Sex education materials and contraceptive information for young people remain a contentious topic in today’s society. The extent to which young people should be informed about various methods of contraception and safe sex practices has been the object of recurrent debates since the postwar period.
This online talk will provide a historical overview of the evolution of educational materials aimed at young people and produced by sexual health charities from the 1960s. Focusing on a range of leaflets and short films produced by the Brook Advisory Centres and the Family Planning Association, this event will contextualise these materials’ creation and highlight some controversies surrounding their publication. In doing so, this event will reveal the graphic and discursive boundaries of 'legitimate' youth sexual knowledge in postwar Britain and how these boundaries have shifted over time.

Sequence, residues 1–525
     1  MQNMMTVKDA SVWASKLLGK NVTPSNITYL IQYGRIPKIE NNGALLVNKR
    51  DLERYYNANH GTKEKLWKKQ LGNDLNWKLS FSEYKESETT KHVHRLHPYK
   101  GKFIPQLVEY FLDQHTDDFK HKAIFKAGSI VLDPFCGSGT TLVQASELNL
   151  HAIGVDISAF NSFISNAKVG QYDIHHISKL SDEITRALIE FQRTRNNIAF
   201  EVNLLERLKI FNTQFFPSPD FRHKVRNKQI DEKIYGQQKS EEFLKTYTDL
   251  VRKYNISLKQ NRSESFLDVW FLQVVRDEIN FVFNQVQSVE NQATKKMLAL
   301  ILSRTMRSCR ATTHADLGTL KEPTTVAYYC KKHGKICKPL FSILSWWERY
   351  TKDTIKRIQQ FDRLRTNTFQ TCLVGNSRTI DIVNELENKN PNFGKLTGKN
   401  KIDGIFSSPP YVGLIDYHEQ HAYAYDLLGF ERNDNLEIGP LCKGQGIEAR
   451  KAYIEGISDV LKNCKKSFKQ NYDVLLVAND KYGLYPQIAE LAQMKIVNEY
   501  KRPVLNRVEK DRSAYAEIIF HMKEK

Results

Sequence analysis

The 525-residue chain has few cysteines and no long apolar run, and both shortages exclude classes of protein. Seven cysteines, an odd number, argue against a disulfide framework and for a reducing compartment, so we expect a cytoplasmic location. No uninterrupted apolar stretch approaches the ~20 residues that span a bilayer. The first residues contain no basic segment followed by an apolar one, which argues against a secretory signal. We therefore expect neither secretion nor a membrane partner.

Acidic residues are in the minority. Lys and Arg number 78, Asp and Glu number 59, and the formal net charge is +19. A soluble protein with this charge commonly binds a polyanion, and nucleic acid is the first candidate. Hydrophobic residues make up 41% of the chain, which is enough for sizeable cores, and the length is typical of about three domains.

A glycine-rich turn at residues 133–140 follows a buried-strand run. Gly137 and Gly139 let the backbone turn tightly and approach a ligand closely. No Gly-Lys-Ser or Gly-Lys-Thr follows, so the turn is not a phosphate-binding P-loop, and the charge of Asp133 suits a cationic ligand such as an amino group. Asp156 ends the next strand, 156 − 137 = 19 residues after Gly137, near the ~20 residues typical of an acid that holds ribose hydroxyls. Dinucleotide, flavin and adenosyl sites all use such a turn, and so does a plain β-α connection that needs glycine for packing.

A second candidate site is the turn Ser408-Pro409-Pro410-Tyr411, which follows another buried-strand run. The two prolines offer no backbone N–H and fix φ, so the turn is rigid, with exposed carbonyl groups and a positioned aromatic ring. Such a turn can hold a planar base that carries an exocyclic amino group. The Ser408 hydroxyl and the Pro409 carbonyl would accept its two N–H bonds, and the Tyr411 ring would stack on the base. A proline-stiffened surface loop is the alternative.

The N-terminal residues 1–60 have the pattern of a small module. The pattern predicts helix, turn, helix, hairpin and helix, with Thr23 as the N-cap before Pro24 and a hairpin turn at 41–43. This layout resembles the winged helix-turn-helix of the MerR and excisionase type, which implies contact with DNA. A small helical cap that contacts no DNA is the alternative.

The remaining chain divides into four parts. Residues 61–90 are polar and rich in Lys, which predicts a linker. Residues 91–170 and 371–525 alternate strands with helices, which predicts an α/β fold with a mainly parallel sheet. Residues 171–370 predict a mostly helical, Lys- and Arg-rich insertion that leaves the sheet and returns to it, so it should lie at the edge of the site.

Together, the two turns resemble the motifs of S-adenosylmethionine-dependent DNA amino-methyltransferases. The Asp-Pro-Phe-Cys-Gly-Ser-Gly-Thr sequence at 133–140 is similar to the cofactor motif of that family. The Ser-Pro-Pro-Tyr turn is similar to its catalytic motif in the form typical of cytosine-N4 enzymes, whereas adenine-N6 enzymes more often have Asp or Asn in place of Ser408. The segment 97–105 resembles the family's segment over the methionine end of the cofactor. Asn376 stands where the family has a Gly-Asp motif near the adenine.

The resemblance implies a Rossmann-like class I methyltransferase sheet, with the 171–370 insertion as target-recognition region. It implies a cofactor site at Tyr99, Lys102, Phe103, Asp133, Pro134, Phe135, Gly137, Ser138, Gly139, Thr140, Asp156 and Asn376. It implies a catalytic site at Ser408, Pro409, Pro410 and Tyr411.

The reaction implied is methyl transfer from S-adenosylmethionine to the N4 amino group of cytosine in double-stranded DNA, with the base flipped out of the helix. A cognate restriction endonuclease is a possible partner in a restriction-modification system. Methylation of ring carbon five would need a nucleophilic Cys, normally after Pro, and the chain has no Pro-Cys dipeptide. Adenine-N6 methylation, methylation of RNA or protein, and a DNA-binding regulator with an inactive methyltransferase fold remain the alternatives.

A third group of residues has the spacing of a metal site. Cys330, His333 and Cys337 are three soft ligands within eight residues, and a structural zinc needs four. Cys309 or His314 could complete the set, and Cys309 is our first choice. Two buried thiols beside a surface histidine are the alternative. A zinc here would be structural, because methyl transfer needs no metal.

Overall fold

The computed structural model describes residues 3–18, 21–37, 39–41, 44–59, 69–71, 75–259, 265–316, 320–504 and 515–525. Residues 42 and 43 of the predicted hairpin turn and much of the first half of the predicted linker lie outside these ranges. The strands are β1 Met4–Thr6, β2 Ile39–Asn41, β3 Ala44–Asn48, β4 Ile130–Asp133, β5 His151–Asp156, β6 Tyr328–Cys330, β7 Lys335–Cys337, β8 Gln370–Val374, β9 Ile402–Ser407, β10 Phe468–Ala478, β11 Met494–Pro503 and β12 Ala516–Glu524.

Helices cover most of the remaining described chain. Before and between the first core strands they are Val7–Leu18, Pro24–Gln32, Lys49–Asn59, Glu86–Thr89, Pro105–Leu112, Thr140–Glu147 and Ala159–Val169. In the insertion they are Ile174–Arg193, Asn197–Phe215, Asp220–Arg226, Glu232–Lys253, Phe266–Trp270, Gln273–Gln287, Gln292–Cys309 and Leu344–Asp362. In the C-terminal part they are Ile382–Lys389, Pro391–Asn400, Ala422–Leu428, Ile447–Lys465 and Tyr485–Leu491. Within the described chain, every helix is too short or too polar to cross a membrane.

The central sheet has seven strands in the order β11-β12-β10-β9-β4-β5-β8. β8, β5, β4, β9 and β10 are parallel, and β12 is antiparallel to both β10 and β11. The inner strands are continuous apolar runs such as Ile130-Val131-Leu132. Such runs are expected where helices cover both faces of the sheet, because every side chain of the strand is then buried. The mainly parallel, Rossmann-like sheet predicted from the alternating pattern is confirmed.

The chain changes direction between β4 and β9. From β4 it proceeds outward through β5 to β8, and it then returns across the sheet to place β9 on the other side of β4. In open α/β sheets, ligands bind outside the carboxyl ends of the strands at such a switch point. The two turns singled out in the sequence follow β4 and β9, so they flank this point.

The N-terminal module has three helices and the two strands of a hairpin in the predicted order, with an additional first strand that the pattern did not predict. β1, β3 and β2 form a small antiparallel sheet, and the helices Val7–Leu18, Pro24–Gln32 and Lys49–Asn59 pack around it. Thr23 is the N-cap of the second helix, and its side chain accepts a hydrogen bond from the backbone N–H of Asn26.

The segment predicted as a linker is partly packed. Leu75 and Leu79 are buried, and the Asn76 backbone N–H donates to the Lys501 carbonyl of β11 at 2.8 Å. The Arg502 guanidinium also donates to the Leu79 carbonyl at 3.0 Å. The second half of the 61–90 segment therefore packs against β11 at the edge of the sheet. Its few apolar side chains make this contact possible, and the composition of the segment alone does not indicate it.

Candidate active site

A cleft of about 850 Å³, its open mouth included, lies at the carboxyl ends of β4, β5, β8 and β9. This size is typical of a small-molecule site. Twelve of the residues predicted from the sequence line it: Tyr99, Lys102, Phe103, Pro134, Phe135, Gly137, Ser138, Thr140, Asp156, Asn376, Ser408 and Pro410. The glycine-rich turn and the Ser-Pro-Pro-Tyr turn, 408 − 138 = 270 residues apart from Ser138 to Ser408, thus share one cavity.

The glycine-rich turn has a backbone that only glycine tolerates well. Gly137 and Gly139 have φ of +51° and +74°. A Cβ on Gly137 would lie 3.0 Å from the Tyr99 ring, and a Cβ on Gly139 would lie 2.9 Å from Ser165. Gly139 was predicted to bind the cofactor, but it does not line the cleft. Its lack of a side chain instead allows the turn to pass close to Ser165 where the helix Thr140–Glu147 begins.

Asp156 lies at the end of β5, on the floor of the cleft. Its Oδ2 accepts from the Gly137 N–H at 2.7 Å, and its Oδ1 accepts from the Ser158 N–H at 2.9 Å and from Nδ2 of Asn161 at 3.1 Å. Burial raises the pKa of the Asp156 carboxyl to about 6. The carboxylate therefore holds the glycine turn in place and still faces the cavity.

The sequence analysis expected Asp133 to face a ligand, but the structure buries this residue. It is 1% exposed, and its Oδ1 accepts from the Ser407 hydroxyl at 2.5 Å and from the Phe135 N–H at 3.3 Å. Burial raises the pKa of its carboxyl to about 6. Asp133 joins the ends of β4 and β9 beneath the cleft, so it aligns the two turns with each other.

Attendees will also learn about the gendered notion of responsibility for safe sex practices and the key role played by sexual health charities in defining norms around ‘good’ sexual behaviours and conduct. This event will be followed by a Q&A.
The talk is aimed at young adults (from 14 years old) and an adult audience.
Caroline Rusterholz is a Wellcome Trust Research Fellow at the Faculty of History, Cambridge University and part of the Health, Medicine and Agency Research Network.